Michael Newman (Sandler) is a hard working family man, who must please his boss (Hasselhoff), in order to get promoted. Problem is he gets less time with his family, and wishes for a remote in which he can control his life. This soon comes true for Newman, when he meets Morty (Walken), a crazy sales clerk, who has the ultimate remote. A remote in which he can do anything, including muting, skipping and dubbing his life. He finds this to be the opportunity in which he can not only skip every argument, but also skip to his promotion. He sees this as a good idea, until the remote goes horribly wrong.Written by
Even though Columbia Pictures and Revolution Studios collaborated on the film, this is the only film that reads, "Columbia Pictures and Revolution Studios present" in the opening credits and promotional material, because Columbia Pictures is a copyright holder. See more »
Delores O'Riordan, who sings "Linger," is the only person who does not appear to have aged at all (in contrast to Sandler's and all the other characters). If she had lived to 2030, assuming that is when this wedding is taking place, she would be in her later 50s. Instead, she appears to be the age she was when the film was made, in 2005-6, which was about 34 years old. See more »
[Morty and Michael go back to the past to Micheal's birth, Micheal's parents were arguing if he had a penis or not]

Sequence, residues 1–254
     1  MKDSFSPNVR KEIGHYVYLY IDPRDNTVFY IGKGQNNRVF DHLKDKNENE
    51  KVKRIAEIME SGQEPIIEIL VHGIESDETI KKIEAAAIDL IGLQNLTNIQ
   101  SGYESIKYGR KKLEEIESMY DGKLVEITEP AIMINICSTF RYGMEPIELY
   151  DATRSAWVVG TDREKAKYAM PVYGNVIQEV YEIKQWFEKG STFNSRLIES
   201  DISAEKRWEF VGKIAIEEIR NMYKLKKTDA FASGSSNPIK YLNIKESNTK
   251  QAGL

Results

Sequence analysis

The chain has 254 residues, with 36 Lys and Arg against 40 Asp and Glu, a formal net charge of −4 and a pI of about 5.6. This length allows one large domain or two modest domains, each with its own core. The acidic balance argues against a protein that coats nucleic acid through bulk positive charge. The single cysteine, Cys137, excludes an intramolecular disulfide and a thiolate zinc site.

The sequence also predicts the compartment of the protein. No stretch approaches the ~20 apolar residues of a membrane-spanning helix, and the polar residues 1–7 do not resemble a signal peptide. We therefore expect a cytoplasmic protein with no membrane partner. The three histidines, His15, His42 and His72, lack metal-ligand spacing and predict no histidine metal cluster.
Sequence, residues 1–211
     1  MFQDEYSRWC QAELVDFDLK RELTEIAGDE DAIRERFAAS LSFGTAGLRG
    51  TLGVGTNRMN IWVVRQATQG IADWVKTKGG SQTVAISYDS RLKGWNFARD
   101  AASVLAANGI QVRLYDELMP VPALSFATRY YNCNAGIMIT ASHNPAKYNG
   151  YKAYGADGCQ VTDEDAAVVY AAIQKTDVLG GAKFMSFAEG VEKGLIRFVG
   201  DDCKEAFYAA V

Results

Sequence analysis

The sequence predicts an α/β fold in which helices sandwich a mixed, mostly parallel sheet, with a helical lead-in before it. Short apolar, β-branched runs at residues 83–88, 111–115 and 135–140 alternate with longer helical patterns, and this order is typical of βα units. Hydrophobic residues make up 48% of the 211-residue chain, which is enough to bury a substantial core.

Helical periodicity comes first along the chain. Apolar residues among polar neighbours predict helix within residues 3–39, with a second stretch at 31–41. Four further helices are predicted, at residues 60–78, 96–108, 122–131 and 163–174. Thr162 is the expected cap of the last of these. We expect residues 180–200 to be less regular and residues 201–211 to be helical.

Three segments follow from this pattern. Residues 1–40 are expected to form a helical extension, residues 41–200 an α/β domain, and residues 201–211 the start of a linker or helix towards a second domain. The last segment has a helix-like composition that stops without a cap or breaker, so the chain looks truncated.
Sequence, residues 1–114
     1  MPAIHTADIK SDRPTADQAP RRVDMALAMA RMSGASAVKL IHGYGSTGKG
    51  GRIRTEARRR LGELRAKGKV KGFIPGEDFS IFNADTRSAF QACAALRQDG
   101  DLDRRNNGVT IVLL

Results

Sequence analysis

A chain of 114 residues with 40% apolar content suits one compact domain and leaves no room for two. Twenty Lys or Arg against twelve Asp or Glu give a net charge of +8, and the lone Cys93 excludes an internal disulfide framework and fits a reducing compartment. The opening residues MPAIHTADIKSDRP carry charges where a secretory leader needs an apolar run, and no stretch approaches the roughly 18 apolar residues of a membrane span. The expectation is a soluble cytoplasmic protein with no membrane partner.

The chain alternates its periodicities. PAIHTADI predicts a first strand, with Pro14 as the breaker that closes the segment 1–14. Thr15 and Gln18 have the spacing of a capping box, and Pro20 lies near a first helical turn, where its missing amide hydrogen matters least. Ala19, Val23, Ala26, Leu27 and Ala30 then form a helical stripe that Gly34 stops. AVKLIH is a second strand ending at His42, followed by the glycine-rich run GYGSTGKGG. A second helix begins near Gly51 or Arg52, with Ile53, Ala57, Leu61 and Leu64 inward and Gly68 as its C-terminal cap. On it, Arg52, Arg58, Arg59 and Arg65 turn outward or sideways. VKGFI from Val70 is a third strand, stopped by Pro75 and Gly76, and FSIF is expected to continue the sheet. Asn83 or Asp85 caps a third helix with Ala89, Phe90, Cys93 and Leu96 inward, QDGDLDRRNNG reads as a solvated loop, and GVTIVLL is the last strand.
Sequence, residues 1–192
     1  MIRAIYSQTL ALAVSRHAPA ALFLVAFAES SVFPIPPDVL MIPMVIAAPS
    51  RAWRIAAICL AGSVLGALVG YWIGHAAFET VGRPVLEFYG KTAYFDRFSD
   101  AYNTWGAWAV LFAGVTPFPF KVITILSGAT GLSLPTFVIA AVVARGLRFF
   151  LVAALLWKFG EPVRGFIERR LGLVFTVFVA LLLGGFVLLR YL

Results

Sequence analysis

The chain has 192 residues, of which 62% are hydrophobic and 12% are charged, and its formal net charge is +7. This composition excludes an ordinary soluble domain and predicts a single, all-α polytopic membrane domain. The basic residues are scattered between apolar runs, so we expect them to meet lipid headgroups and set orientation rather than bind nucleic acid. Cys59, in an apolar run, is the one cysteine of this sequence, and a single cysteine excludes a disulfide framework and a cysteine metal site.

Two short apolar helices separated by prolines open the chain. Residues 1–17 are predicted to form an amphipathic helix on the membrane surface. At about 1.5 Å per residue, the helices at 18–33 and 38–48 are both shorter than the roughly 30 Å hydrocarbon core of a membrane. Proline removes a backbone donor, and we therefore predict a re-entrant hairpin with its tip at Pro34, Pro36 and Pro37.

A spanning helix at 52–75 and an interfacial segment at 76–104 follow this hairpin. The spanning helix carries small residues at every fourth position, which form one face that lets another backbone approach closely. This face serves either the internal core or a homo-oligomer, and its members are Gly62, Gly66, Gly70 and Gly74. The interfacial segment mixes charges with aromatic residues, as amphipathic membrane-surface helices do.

Your mother must have had some good eyesight, 'cause... I didn't see anything.
Oh, hardy har-har.
See more »
The credits play over the "main menu" sequence from when Michael is selecting moments from his life. See more »
Click is by far Adam Sandler's best movie.. and that ISN'T a cheap shot at his previous films.
Sandler has done a ton of comedy movies with terrible jokes and corny plots, and until Anger Management really he didn't have much to his characters other than his goofiness.
He reminds me of Jim Carey before The Truman Show - just comedy, no substance.
The trailers for Click feature some of the comedic scenes of the movie, but don't worry there are a ton more that aren't spoiled. That being said, this movie isn't all that the trailers portray it to be.
If you're going to see Click solely for a good laugh, you'll love the first 45 minutes and hate the rest of it. The script takes a swerve closer to the end and, unlike any of Sandler's previous movies, the "down" part of the movie (where the main character goes through rough times) is actually very well done. Click goes from being a comedy to a drama - just for a little while.
The dramatic portion of the movie allows Sandler to act as a regular human being; a man who faces the real life consequences of putting his work ahead of his family. It's something a lot of people can relate to, and all of the characters in the movie contribute to the storyline very well.
Click provides great comedy and Sandler's best dramatic performance in a movie. It's clean enough for the kids (okay, the early teenagers), a good laugh with the guys or girls, and turns out to be a surprisingly good date movie.
243 of 356 people found this review helpful.
Was this review helpful to you?
| Report this